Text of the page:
19 What is Structuring? Many money launderers are familiar with the dollar limits that require recordkeeping and reporting. Therefore, in order to remain anonymous and avoid the detection of law enforcement officials, they will structure their transactions so that the recordkeeping or reporting requirements will not be triggered. Structuring is the act of breaking up a potentially large transaction into several smaller ones to avoid reporting or recordkeeping requirements. What if I Suspect Structuring? It is illegal for you or your clients to structure transactions in order to avoid the recordkeeping or reporting requirements. For example, if a client sends a $1,500 money transfer in the morning and another $1,500 money transfer send transaction in the afternoon, he may be structuring his purchases in order to avoid the $3,000 recordkeeping requirements. It is illegal for you or your employees to assist anyone in structuring transactions to avoid recordkeeping or reporting requirements. For example, you may not tell or even imply to a client that they can avoid providing information by conducting a smaller transaction. Some criminals may attempt to trick you or your employees into allowing them to structure transaction by splitting up their activity with several accomplices or by trying to con you with a hard luck story. You need to be on the lookout for structuring so that you prevent it from occurring. Are all multiple transactions considered structuring? No. For example, a client sends two money transfers to separate receivers, one for $2,000 and another for $1,500. Each transfer is less than $3,000, but the total of the transactions exceeds $3,000. You learn that the consumer is sending money to her children who are attending two different schools. This is also an example of the transaction review documentation you would make and retain as part of your MONITORING program. 19

20 Data Policy As an agent, you must safeguard nonpublic personal information. You may only ask for and collect the personally identifying information that is necessary to complete the transaction. In accordance with the Federal Trade Commission s Gramm-Leach-Bliley Act Safeguards Rule, you are required to maintain appropriate safeguards for nonpublic personal information, including having written policies in place regarding the collection and disclosure of consumer information considered to be nonpublic personal information and designating an employee or employees to coordinate your information security program. Please reference the FTC website for additional help to create your information security program: Other tips include, but are not limited to: Avoid loudly referencing identification data such as addresses, telephone numbers, social security number, etc. where others can hear what you are saying Never show the MoneyGram system monitor screen to any consumer. Any notes, forms, logs or other documents containing a consumer s nonpublic personal information must be shredded before disposing of the documents. Record Retention All record keeping and reporting documentation required by the Bank Secrecy Act (BSA) and state specific regulations must be retained for five (5) years and they will be made readily available to the U.S. Treasury Department and/or representatives from other government officials upon legitimate request. Receipts for all transactions of $3,000 or more are required by law to be stored and accessible for a minimum of five (5) years. Arizona law requires all documents for ANY TRANSFER AMOUNT be retained for five (5) years. Oklahoma law requires all documents for transfers of $1, or more be retained for five (5) years. Consumer Privacy In accordance with the Privacy Act, you must protect consumers personal and private information. All documents that contain consumers private and personal information will be stored in a secure location. If you wish to legally discard any MSB/MoneyGram related documents, the documents must be completely destroyed prior to discarding. Personal Use of Services As a MoneyGram Agent, you should not initiate, process, or complete any personal MoneyGram money service on behalf of yourself or immediately family members. 20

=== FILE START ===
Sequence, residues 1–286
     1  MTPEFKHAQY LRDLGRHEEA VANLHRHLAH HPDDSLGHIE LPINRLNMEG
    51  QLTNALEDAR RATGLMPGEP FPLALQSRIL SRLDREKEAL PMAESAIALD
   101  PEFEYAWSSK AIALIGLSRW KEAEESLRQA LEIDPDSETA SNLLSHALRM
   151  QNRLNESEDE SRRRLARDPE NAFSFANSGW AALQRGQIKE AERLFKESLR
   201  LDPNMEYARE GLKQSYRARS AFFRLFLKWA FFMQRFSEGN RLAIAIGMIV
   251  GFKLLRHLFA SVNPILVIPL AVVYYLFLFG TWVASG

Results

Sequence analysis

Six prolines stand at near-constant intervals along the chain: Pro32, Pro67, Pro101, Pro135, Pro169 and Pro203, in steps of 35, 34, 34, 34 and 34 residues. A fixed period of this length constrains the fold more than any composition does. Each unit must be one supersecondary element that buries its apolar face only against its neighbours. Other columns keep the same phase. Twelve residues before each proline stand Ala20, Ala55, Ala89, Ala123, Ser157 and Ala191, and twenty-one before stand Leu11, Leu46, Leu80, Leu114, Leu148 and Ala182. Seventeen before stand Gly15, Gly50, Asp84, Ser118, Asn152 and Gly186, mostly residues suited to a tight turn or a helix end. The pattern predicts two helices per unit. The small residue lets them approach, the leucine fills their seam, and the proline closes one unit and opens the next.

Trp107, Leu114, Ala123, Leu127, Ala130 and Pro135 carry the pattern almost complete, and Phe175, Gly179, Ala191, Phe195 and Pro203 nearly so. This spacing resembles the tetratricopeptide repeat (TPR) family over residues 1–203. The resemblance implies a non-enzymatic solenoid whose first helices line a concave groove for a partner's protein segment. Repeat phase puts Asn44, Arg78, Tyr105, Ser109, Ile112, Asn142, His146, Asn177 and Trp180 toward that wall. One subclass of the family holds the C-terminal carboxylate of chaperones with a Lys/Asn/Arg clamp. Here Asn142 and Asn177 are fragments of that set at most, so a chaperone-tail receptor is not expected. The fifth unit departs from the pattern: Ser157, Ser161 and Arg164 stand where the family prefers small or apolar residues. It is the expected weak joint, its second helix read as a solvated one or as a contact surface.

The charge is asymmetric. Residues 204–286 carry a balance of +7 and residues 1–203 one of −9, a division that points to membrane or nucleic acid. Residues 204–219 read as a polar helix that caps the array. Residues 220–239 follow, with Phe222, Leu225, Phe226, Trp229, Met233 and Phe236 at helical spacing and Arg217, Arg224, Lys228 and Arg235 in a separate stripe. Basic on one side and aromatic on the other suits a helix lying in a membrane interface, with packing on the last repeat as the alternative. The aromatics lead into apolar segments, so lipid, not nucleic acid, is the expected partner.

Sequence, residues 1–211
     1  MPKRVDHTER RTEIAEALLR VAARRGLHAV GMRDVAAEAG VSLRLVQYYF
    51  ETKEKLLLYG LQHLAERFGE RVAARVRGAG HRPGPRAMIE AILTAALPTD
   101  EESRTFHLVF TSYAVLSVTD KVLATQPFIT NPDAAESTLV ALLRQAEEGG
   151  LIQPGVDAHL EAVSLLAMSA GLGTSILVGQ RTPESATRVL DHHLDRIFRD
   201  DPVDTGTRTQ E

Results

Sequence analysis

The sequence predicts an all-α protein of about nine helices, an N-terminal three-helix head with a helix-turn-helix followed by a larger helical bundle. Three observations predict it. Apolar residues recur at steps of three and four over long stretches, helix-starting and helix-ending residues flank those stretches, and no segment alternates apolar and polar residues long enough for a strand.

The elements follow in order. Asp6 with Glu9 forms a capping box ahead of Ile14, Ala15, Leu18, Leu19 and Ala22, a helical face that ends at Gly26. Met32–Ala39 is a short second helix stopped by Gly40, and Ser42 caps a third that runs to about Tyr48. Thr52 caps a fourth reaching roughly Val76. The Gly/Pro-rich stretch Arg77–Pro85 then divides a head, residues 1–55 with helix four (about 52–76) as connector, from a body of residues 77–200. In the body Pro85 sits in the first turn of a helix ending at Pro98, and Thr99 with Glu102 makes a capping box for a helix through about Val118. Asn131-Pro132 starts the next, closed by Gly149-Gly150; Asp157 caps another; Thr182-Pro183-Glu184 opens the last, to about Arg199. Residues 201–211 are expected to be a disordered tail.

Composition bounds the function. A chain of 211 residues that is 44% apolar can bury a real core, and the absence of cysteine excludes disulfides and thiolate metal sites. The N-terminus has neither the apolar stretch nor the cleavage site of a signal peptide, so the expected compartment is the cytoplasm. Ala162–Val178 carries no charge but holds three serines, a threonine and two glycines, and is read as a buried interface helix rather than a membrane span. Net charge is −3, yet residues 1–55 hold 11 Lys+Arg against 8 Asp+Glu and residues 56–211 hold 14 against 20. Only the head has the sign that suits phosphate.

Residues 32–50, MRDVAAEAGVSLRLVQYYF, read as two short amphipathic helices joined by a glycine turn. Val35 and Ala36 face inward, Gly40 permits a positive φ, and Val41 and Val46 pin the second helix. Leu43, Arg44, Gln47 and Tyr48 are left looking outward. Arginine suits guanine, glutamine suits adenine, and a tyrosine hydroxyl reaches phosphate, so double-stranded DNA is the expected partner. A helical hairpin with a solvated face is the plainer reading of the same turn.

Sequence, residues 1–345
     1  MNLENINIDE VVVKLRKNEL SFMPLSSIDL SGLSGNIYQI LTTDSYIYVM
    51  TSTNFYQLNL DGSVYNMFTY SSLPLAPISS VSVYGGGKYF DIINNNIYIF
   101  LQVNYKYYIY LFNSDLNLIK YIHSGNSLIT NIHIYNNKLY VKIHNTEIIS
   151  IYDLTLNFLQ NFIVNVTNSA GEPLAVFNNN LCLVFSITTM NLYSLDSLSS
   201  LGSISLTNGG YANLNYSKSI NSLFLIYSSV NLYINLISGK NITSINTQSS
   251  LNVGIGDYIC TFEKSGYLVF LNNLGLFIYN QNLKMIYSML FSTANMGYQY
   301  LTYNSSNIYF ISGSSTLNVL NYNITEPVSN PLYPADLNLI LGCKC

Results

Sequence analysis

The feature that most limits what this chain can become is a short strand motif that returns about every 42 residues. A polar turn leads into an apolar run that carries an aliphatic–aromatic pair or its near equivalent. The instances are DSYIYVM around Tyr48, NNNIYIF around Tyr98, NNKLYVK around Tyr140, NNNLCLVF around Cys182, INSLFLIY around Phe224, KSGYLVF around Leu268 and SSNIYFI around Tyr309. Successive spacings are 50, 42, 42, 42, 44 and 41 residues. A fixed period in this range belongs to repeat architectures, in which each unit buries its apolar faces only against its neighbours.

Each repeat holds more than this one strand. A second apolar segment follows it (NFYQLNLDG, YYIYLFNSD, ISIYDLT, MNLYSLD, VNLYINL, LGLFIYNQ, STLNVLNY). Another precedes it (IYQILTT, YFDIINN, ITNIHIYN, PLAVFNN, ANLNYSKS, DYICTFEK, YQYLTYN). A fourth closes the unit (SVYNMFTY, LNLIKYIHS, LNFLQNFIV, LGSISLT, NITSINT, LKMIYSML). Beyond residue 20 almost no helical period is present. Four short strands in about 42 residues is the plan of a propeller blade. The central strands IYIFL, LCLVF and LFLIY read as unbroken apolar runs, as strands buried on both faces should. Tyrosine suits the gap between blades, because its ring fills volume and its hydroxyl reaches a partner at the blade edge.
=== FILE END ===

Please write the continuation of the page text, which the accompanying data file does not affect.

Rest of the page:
Agent Compliance Manual